I happen to have done a little reading up on Macedonian history yesterday. And I do mean a little, just some Wikipedia pages. But I didn’t notice an incident where Macedonia struggled for independence vs. Bulgaria. It seems to me that Macedonia is essentially the chunk of Bulgaria that was conquered by Serbia in the 13th century, not long before the whole Balkans was absorbed by the Ottomans. Thus, when Bulgaria became independent 500 years later, Macedonia was not included since it had not under Bulgarian rule as of the Ottoman conquest. So, there were conflicts with the Turks and Serbs, but not with Bulgaria. I could very well be missing something, though.

    That being the case, though, David’s explanation that Standard Macedonian was created by Serbs and/or Yugoslavs makes a lot of sense.

    Anschluß was popular at the time, but in hindsight it has become fraught to say the least, since now Austrian independence has began to be seen as a Platonic fact. But I guess Standard German was too well established in Austria by the 20th century to consider the creation of a Standard Austrian instead. German was a top tier world language for which Vienna had long been one of its major cultural centers.

  40. David Marjanović says:

    those people, or so I thought, were the most opposed to the Anschluss, and their sentiment, the only one within the post-war Overton window, provided some base for the Austrianization of the national identity.

    There were quite few of those people, especially outside Vienna (and that matters in a federalist system); and there really wasn’t that much continuity between 1918 and 1945. Fascist Austria (1934–1938), an explicitly classist society, tried to be “the better Germany” (the other one was doing fascism wrong, and over half of them weren’t even Catholic…) and abolished itself without violence “lest German blood be spilled”.

  41. spom-mda-tshang dge-regs lags: Well, if you read Wikipedia close enough, you’ll find the following quotation:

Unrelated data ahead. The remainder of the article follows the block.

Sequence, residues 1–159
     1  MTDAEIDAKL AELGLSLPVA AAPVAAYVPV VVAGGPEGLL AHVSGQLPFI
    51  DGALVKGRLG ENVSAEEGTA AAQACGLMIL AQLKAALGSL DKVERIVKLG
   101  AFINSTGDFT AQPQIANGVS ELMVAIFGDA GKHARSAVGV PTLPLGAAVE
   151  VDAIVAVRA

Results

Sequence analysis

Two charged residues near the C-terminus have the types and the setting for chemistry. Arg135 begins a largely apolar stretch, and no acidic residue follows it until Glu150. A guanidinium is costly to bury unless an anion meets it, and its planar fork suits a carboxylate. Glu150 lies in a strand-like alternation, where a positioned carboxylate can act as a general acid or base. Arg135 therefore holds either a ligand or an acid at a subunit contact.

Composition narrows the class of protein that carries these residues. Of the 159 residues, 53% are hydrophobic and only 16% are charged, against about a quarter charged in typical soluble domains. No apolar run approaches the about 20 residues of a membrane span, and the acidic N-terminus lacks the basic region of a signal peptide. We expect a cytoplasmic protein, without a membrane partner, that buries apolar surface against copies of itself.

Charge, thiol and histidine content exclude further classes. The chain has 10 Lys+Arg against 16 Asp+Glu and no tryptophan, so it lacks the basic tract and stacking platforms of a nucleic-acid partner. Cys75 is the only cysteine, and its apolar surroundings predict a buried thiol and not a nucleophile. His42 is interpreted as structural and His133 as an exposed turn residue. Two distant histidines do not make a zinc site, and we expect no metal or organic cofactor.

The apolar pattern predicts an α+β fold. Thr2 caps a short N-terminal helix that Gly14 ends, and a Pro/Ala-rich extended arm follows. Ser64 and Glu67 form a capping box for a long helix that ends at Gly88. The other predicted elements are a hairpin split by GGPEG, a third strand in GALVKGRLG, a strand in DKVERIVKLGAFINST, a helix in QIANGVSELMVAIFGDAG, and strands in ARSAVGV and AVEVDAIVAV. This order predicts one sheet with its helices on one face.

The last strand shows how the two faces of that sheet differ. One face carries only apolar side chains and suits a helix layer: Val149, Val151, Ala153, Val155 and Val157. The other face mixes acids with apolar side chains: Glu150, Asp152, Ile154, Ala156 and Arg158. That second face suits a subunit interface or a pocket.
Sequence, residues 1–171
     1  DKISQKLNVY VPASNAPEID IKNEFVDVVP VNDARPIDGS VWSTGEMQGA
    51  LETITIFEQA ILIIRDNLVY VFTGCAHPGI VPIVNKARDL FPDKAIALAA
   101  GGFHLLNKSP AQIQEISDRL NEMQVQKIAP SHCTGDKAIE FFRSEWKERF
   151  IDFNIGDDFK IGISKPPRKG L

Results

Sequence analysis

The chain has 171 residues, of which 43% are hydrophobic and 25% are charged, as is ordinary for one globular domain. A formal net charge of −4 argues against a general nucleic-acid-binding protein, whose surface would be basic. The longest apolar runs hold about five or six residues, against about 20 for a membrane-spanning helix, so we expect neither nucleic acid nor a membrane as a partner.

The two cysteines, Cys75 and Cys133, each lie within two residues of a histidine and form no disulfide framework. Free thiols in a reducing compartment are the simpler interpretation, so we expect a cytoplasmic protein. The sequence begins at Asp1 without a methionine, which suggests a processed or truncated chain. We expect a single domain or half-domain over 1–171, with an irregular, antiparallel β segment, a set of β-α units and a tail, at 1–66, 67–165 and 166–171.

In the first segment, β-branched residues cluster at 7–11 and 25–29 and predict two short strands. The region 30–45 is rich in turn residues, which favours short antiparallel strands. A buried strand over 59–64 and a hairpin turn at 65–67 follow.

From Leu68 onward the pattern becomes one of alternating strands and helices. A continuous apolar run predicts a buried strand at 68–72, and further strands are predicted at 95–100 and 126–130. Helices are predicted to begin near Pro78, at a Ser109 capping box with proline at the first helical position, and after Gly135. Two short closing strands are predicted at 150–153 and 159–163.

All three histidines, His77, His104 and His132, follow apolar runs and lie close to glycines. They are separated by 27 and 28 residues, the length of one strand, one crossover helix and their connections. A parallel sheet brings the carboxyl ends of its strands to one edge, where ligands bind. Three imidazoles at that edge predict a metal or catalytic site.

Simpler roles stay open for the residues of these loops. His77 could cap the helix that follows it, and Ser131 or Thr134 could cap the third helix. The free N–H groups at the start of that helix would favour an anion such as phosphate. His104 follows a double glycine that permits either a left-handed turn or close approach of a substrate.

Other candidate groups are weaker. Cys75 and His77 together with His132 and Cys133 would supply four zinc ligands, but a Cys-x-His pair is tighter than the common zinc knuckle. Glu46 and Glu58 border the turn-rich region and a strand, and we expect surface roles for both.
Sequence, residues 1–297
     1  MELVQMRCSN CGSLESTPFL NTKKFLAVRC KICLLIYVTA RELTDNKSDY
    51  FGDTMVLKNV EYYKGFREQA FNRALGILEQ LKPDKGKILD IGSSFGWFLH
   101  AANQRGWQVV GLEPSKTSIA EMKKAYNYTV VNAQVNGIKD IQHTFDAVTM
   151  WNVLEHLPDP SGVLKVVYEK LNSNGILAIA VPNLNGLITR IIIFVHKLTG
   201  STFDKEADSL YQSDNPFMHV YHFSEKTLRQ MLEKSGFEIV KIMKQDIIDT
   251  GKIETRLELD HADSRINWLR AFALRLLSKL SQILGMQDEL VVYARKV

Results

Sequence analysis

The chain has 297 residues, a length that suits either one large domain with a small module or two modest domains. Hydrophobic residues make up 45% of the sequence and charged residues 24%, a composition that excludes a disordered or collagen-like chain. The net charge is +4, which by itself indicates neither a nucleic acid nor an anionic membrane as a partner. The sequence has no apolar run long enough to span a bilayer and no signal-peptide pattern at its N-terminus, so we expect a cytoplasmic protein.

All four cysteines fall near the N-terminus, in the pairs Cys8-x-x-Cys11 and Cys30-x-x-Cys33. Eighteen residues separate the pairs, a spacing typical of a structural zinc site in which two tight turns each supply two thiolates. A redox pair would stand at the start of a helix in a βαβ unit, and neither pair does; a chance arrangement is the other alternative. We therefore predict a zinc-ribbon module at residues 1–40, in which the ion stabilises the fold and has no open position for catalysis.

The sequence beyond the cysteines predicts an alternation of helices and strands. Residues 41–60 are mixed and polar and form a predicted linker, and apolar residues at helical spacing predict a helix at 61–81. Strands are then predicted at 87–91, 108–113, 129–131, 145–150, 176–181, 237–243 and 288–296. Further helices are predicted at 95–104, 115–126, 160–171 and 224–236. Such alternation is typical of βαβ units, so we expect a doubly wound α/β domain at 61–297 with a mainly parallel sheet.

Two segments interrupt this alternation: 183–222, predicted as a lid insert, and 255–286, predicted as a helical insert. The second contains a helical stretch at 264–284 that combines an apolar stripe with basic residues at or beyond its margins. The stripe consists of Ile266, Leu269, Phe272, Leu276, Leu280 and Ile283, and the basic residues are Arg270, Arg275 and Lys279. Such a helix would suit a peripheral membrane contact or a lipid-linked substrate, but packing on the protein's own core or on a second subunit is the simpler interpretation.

Kaufman, Stuart J. (2001). Modern hatreds: the symbolic politics of ethnic war. New York: Cornell University Press. p. 193.

    “While Bulgarian was most common affiliation then, mistreatment by occupying Bulgarian troops during WWII cured most Macedonians from their pro-Bulgarian sympathies, leaving them embracing the new Macedonian identity promoted by the Tito regime after the war.”

    No idea about the relative portion of contribution, though, as even after the war, it was still felt necessary to kill a couple of hundreds of Bulgarophiles to set the example.

  42. David Marjanović says:

    Our previous discussion of Austrian identity starts here.

  43. Greg Pandatshang says:

    “‘”While Bulgarian was most common affiliation then, mistreatment by occupying Bulgarian troops during WWII cured most Macedonians from their pro-Bulgarian sympathies, leaving them embracing the new Macedonian identity promoted by the Tito regime after the war.”‘”

    I should have known to keep looking for more Balkans infighting.

  44. I vaguely remember many years ago having a chat with Elizabeth Barber, who had traveled to the Balkans. If I remember correctly, she said that Macedonian was the easiest of the languages in the region for her to understand, using her knowledge of Russian (I don’t remember if she mentioned Bulgarian.) Hat, does that ring any bell with you?

  45. Good lord, Elizabeth Barber was my linguistics teacher in college! Hi, Dr. Barber! Other than that, no, doesn’t ring any bells, but maybe I should try learning Macedonian.

  46. David Eddyshaw says:

    On Bulgarian/Russian:

    I learnt Russian (up to a point) at school with someone (a Brit) who had previously lived for years in Bulgaria, and who undoubtedly had a vast unfair advantage in consequence. About all that gave him trouble in Russian was the case system (not that that isn’t enough to be going on with.)

  47. My experience with Bulgarian is that the technical / scientific / absctract lexicon is a piece of cake if you know Russian, as there has been much mutual influence – first from (Bulgarian) Church Slavic on Russian up to th 15th / 16th century, and then from Russian on Bulgarian in the 19th and 20th century. But everyday words like food or household items are sufficiently different that for me, it was easier reading Bulgarian financial accounts and contracts than reading menus in restaurants.

  48. “Once upon a time there was a Tongue, and that Tongue had Vowels. And four of those were long, and four were not; and four were high, and four were not; and four were front, and four were not.” Thus begins Ivan Derzhanski’s “History of Bulgarian Orthography”, which has a good deal to say about the reciprocity of Bulgarian and Russian.

  49. I’d hazard a guess and say that Macedonian is the easiest Slav language for an English speaker to learn if you have some familiarity with Cyrillic. The main reason I say that is that the spelling is almost entirely phonetic and the case system has been simplified, just as in English. Vocabulary can be a challenge, but it is largely Slavic, with some Turkish elements to it. Eg. Pazar means market.